I'd like to thank everyone associated with giving this fabulous event wings. It was also great to meet so many nice people. At last. 'Tis a pity Anne and myself couldn't make the Palers' Convention particularly as Ramblin' Ron got a mention. I still don't understand just what he's trying to say. Must be these bar-bells on my eye lids.
Once we'd got the brooms out of the room at the Jury's Inn it was fine. We took it in turns to sleep as neither of us could lie down at the same time. Seriously folks the Hotel was a great place to stay. With an dazzling sense of direction it took no time at all finding the Hall. Amazing really. It was going to make a great change not having to charge off after a concert to catch the last train.
The crowd were a happy mixture of people. 'Ooh that's a 1967 T-shirt?'. . 'Yes' I said 'I've had a face-lift'. . 'I bet that's not all'. . . Charming eh!! I go to work to be insulted!!! Let's go to souvenir counter. . get some sense there. They'd run out of large T-shirts so I opted for a medium. 'It's a border line case but you should just get in to it,' chortled John Grayson as my 14 quid quickly disappeared. Come on Anne let's go in before there's a punch-up.
The Hall itself was a superb setting and any reservation I had about Procol filling the place were dispelled. The stalls were packed apart from a few seats behind the mixing desk.
I have to say that this was the best fusion of Procol and Orchestra I'd ever seen. It was a good move having the band at the front. At the Barbican they were at the back and the sound although good was not as crystal clear as Manchester.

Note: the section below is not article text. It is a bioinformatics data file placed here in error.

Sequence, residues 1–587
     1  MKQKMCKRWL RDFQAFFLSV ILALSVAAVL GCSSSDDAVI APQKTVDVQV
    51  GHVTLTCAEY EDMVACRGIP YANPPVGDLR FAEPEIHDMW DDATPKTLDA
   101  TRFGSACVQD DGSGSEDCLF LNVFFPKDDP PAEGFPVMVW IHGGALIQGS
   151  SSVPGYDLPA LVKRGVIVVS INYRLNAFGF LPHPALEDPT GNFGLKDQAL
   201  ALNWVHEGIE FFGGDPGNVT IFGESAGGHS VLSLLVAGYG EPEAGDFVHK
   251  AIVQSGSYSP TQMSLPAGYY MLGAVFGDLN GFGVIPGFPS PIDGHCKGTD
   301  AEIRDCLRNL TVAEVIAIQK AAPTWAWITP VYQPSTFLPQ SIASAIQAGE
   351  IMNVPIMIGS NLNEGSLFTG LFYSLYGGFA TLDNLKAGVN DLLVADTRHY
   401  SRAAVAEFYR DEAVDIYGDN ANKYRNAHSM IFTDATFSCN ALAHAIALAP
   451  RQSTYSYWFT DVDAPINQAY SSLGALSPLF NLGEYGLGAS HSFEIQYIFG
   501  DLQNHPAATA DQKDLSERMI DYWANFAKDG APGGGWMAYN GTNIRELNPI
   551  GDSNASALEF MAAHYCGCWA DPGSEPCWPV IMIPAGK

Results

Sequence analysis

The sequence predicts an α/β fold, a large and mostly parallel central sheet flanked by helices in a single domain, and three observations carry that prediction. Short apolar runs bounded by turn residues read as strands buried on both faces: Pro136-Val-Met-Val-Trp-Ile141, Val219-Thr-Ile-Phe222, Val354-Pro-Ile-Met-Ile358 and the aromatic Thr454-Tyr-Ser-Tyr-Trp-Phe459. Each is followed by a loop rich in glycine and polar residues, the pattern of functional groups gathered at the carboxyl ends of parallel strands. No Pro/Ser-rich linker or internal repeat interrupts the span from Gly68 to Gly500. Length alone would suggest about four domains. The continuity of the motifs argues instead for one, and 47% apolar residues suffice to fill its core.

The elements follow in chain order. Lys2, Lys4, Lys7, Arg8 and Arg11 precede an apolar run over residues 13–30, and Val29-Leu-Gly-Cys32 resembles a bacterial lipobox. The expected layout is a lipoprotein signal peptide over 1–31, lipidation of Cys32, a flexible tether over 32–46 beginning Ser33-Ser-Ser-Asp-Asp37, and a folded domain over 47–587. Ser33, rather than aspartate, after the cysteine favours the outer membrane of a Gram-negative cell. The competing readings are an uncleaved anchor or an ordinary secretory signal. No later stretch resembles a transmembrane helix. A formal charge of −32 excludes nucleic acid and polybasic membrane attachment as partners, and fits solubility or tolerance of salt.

The song were similar to those at the Barbican but played with more sensitivity and colour. Strangers in Space it was generally accepted was magnificent. Getting Butterfly Boys played was marvellous. A real fave of mine. Seeing the setlists of the recent tour I'd given up hope of hearing Typewriter Torment and So Far Behind but I was half expecting TV Ceasar with Rule Britannia tacked on. It didn't arrive ... never mind.
There were some real gems in the first half. It made me laugh when Nicholas Dodd had to remind Gary that Grand Hotel was to be played before Holding On. A word about Nicholas Dodd: he struck me as a cross between Pavarotti and Rolf the Dog from the Muppets. Talk about an octopus in a bath-tub. he was jumping about and having a great time. Squiddly Doddly. He got the orchestra on their feet at every opportunity. It wasn't until afterwards we realised that there weren't enough chairs and the big band had to move around a bit. I don't entirely believe this.
Matthew Fisher seemed touched that Repent Walpurgis got such a rousing ovation. This closed the first half. Great stuff. I bumped into Charlie Allison and we traded notes and stole quotes before Part 2.
The Procol song that never was, Ghost Train cranked in to life. The band were really cooking now. The audience were driving the band on. A solemn moment came when BJ Wilson and now that charming Procol lover Douglas Adams were remembered prior to an awesome Salty Dog.
Into The Flood was another barnstormer and it was nice hearing a three verse Whiter Shade of Pale with more band this time played. That's it Good Night!!
The audience reaction brought a tear to the eye. For all the hard work Gary Brooker has put in to this band tonight must have seemed to him as making it all worth while. Grand Finale and I'll Be Satisfied again brought everyone to their feet.
What a show. Gary Brooker's singing was great as were the whole band. The orchestra and choir did a superb job bringing a richness to this unique entertainment.
We all wandered off to the Jury's where we chatted with Roland, Charlie, Tony (from Chicago) and Hermann amongst others. There was a report in the papers the following day that strange lights had been seen over Manchester that night. The police said it was probably the use of new lights at the airport but I have my doubts. It was a Glimpse of Nirvana shining brightly.
Richard (yes the T-shirt does fit) Solly